4. Simultaneously push the medicine ball out in front of you.
  5. Bring the weighted ball back in as you slide the left foot back to start, keeping the right knee bent the entire time.
  6. Continue to slide the foot back as you take the medicine ball out for 8–16 reps before switching sides.
  7. Try to keep the right knee bent in a squat throughout the exercise for maximum intensity. Imagine there's a ceiling just overhead that you'll hit if you come up too high.

Medicine Ball Pullover

Verywell / Ben Goldstein

This medicine ball pullover is similar to a dumbbell pullover in that it targets the arms, lats, and shoulders, but you'll also feel the work in your core as you maintain stability. In this move, you have a firmer grip on the ball, but your hands are rotated, which puts much of the emphasis on the bottom arm.

The medicine ball pullover can be very challenging work for the shoulders, particularly for those experiencing a lack of mobility or tightness in this region. To avoid injury, start with a very light ball to get a sense of the exercise and how much weight you can safely accommodate.

  1. Lie down on a step or bench and hold a medicine ball between both hands above your shoulders.
  2. Rotate the ball until one hand is on top and one hand is on the bottom.
  3. Gently and slowly lower the ball behind your head with your arms extended while engaging your core to avoid overarching your lower back.
  4. Only lower as far as your arm strength and shoulder flexibility allows.
  5. Lift the ball back up and rotate it, so that the other hand is on top, and lower the ball again.
  6. Repeat for 1–3 sets of 8–15 reps.

Medicine Ball Knee Roll

Verywell / Ben Goldstein

The medicine ball knee roll gives the arms a rest and is a great conditioning exercise to strengthen and stabilize the abdominal wall. An exercise ball offers additional support and allows you to rock easily from side to side while also controlling the movement.

  1. Lie on the floor with the backs of your calves resting on an exercise ball with your knees bent.
  2. Squeeze a medicine ball between the knees, and take your arms out to the sides for more stability.
  3. Maintain a neutral spine and slowly roll the ball to the right as far as you comfortably can, feeling your abs engage.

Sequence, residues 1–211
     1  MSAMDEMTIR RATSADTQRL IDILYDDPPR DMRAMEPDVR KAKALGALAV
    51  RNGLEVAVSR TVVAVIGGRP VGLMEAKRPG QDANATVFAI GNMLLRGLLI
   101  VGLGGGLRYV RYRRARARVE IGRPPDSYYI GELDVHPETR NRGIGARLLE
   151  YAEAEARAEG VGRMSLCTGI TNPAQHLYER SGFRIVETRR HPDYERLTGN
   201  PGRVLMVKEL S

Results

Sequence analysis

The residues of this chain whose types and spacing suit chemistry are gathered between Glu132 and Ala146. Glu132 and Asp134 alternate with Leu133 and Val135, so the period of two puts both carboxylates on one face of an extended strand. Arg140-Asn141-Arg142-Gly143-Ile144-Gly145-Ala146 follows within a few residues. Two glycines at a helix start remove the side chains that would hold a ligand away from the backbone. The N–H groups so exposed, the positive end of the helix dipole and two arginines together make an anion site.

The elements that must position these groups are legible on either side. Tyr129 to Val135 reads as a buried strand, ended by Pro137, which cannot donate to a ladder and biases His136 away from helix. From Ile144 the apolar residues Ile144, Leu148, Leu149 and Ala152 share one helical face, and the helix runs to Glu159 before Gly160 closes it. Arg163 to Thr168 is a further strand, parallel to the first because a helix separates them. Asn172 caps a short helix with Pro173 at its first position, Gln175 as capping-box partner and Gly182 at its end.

4. Roll back to the center, then roll to the left.
  5. Repeat for 1–3 sets of 8–15 reps (1 rep is to the right and left).
5 Sources
Verywell Fit uses only high-quality sources, including peer-reviewed studies, to support the facts within our articles. Read our editorial process to learn more about how we fact-check and keep our content accurate, reliable, and trustworthy.
  1. Raeder C, Fernandez-Fernandez J, Ferrauti A. Effects of six weeks of medicine ball training on throwing velocity, throwing precision, and isokinetic strength of shoulder rotators in female handball playersJ Strength Cond Res. 2015;29(7):1904-1914. doi:10.1519/JSC.0000000000000847

  2. Lorenzetti S, Ostermann M, Zeidler F, et al. How to squat? Effects of various stance widths, foot placement angles and level of experience on knee, hip and trunk motion and loadingBMC Sports Sci Med Rehabil. 2018;10:14. doi:10.1186/s13102-018-0103-7

  3. Cotter JA, Chaudhari AM, Jamison ST, Devor ST. Knee joint kinetics in relation to commonly prescribed squat loads and depthsJ Strength Cond Res. 2013;27(7):1765-1774. doi:10.1519/JSC.0b013e3182773319

  4. Bourne MN, Timmins RG, Opar DA, et al. An evidence-based framework for strengthening exercises to prevent hamstring injurySports Med. 2018;48(2):251-267. doi:10.1007/s40279-017-0796-x

  5. Thomas E, Battaglia G, Patti A, et al. Physical activity programs for balance and fall prevention in elderly: A systematic reviewMedicine (Baltimore). 2019;98(27):e16218. doi:10.1097/MD.0000000000016218

By Paige Waehner, CPT
Paige Waehner is a certified personal trainer, author of the "Guide to Become a Personal Trainer," and co-author of "The Buzz on Exercise & Fitness."